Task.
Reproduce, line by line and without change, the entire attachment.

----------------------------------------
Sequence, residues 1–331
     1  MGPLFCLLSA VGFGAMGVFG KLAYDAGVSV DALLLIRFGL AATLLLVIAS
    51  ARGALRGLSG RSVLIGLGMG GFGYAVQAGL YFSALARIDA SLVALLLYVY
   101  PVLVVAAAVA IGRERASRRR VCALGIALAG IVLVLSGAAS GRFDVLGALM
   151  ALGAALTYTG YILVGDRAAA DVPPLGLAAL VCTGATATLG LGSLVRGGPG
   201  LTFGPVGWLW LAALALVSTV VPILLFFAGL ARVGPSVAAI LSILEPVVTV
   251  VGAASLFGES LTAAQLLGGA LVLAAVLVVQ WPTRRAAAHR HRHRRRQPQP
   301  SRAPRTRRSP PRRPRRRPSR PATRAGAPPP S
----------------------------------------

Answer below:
Sequence, residues 1–331
     1  MGPLFCLLSA VGFGAMGVFG KLAYDAGVSV DALLLIRFGL AATLLLVIAS
    51  ARGALRGLSG RSVLIGLGMG GFGYAVQAGL YFSALARIDA SLVALLLYVY
   101  PVLVVAAAVA IGRERASRRR VCALGIALAG IVLVLSGAAS GRFDVLGALM
   151  ALGAALTYTG YILVGDRAAA DVPPLGLAAL VCTGATATLG LGSLVRGGPG
   201  LTFGPVGWLW LAALALVSTV VPILLFFAGL ARVGPSVAAI LSILEPVVTV
   251  VGAASLFGES LTAAQLLGGA LVLAAVLVVQ WPTRRAAAHR HRHRRRQPQP
   301  SRAPRTRRSP PRRPRRRPSR PATRAGAPPP S